After the Labour MP John Woodcock introduced to Parliament an Early Day Motion that unequivocally accepts the Russian state’s culpability for the poisoning, Murray tweeted: “Remarkable correlation between Labour MPs who attacked Corbyn in EDM wanting no investigation into Salisbury before firmly attributing blame, and parliamentary Labour friends of Israel, I wonder why?” One can read into this statement what one wants, but to me it seemed to imply that rushing to judgement on Moscow might benefit MPs supportive of Israel, which in conspiracy world are in its pay. Certainly that’s what a number of online hounds sniffed. But rather than one type of conspiracy, Murray was apparently pointing to another. “A conspiracy to attack the leadership of Jeremy Cobyn, perhaps. If you think I was accusing them of being part of a conspiracy to kill Skripal, you are daft,” he tweeted. In short, he seems to be saying, whilst there was not a conspiracy of MPs to be a part of any plot to kill the double agent, the EDM “perhaps” represented a conspiracy to attack the leadership of Jeremy Corbyn. 

Others were bolder. One Labour activist, writing about the aforementioned EDM, declared it was “worth noting one of the people sponsoring this motion is a named CIA asset”. Though unspecified, the asset referred to was believed by some to be Ruth Smeeth MP. This seemingly centres on Smeeth being named in a single diplomatic cable from 2009, released by Wikileaks, in reference to her views, when a parliamentary candidate, about an early election being called by Gordon Brown.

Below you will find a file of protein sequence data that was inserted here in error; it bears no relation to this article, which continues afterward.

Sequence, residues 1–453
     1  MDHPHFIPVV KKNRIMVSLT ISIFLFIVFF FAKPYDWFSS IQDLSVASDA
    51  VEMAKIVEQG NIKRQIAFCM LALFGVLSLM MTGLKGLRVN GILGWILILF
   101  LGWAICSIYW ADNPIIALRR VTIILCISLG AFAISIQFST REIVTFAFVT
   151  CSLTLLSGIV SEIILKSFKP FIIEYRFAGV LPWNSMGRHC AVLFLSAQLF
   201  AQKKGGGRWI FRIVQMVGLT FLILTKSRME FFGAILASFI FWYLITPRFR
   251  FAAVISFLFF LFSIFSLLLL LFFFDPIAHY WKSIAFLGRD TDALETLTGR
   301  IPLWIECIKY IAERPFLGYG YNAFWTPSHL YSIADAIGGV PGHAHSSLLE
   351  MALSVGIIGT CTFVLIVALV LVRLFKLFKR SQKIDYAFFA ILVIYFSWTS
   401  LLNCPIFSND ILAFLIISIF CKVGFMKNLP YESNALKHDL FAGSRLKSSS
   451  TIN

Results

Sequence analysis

Entirely unrelated to these particular tweets or Murray’s writing, Smeeth also happens to be an MP who has spoken out about antisemitism, and was forced to accept police protection following antisemitic abuse she has received online. She and another MP, John Mann, have both received antisemitic death threats. I stood next to Mann at Labour party conference as a delegate berated him, calling him a CIA agent for taking on this “antisemitism nonsense”. For me, this interaction underlined the causality between some conspiracy theories and antisemitic activity (Mann is not Jewish, but has been a prominent opponent of antisemitism in the party). 

Though it is difficult to reduce to a simple guide, allegations of Israeli conduct that draw on classic antisemitic tropes should be avoided. In recent years this has included suggestions of “organ harvesting” which draw on the antisemitic blood libel, or those that speculate about political control, such as suggestions that “the Israeli tail wags the US dog.”